Unplanned movement of a Reject Bin Chute: While removing a reject bin chute by crane for repairs, the chute released suddenly and swung uncontrolled. Two CMWs in a nearby EWP were out of the line of fire and not injured.

Crush injury whilst replacing a rear dump truck spindle: Whilst installing a spindle unit on a haul truck, a CMW sustained a crush injury to the right-hand little finger when it became caught between a fibre sling and a wheel stud. The CMW was adjusting the sling when it came under tension.

Lifting lug failure when replacing a wheel strut: Two CMWs were replacing a wheel assembly strut on a rear dump truck when a lifting lug failed and allowed the cylinder to topple to the ground.

Dragline tub swing rack eye bolt failure: A failed eye bolt ejected 18m when rotating a swing rack. CMW's deviated from the set lifting plan as stated in the job safety analysis.

Lifting lug failure: Two CMWs were removing a torque converter from a haul truck. Whilst lifting the load using a 1.5t gantry crane, the cast lifting lug on the torque converter failed (refer Figure 3). The torque converter did not move, but the lifting lug shattered - with one piece (220g) found 5m from the truck.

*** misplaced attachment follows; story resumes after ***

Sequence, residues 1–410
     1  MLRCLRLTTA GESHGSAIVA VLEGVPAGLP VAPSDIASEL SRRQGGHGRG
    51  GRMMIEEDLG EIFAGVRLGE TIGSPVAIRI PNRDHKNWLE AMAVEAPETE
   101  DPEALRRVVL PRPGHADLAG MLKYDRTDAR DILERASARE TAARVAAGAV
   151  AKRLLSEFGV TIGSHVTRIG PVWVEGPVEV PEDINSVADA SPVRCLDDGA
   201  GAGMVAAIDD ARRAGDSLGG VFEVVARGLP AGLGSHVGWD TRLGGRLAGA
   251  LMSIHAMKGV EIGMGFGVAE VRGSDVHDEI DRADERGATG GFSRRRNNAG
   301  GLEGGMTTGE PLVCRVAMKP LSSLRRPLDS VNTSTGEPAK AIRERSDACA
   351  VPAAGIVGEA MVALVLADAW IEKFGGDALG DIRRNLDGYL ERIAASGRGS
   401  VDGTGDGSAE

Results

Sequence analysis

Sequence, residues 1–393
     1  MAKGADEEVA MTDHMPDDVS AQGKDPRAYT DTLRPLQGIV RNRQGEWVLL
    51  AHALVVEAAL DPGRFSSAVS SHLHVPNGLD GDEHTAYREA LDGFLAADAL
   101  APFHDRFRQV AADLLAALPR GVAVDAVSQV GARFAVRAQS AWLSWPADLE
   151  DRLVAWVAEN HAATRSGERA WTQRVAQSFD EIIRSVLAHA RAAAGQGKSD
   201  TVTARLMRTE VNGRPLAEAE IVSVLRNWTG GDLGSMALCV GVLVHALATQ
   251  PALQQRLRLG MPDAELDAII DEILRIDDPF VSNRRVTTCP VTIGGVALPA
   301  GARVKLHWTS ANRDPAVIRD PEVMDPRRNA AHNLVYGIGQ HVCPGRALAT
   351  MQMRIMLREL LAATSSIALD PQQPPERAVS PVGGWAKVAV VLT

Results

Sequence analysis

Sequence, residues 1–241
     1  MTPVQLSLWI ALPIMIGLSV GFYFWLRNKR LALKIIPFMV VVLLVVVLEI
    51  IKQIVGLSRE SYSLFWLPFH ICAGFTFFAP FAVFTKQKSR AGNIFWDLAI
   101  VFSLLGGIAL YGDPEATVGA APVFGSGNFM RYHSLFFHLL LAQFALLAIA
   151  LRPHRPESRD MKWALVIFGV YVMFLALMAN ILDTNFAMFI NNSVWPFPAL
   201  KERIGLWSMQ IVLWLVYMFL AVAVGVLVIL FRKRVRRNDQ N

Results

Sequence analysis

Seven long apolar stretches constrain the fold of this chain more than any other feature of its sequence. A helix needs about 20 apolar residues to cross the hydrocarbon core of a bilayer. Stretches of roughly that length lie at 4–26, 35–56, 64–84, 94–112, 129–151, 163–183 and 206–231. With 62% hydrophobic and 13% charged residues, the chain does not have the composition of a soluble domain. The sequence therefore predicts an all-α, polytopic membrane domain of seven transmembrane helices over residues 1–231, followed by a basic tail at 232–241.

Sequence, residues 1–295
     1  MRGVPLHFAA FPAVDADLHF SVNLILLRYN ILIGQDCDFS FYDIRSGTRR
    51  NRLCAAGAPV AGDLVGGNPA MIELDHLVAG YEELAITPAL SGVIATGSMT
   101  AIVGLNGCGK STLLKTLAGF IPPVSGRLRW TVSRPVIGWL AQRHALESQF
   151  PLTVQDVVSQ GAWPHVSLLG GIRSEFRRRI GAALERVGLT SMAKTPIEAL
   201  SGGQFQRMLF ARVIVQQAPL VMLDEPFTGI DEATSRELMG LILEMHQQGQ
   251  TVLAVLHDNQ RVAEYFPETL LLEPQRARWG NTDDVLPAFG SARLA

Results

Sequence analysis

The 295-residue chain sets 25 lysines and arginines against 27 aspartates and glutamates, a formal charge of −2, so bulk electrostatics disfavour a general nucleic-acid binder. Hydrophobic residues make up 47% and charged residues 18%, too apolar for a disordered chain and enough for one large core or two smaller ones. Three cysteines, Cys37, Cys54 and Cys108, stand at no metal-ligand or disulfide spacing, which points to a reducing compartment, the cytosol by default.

How did it happen?

All lifting operations can pose significant risk, including fatalities to people. Operators report that many lifting and rigging incidents have occurred during what are perceived as low risk operations.

Lifting and rigging tasks in underground mines, CHPPs, and maintenance activities may involve complex lifts involving multiple lifting devices, such as chain blocks & lever hoists and drifting of loads (refer Figure 1).

Failure of lifting equipment can potentially result in a dropped load or object, while failures of rigging equipment can potentially result in an uncontrolled vertical or horizontal movement of the load or equipment.

Review of the incident investigations identified multiple causes, not all of which were relevant to each incident. Contributing causes included:

  • Mine standard operating procedures (SOPs/MOPs/standards) including those for selecting, maintaining and using lifting plant operations were not followed.
  • Work planning, including the design and planning of lifting activities was inadequate.
  • Risk based lifting/rigging plans were inadequate, incomplete, or not completed.
  • An approved lifting plan was changed, and the review and approval processes not followed.
  • Supervisors who did not have relevant competency, experience, or understanding of the lifts signed off lift plans and did not inspect the site prior to the lift.
  • CMWs were positioned inside exclusion zones when loads moved in an uncontrolled manner.
  • Failed lifting components were found to have been overloaded. Crane loadcells were not monitored.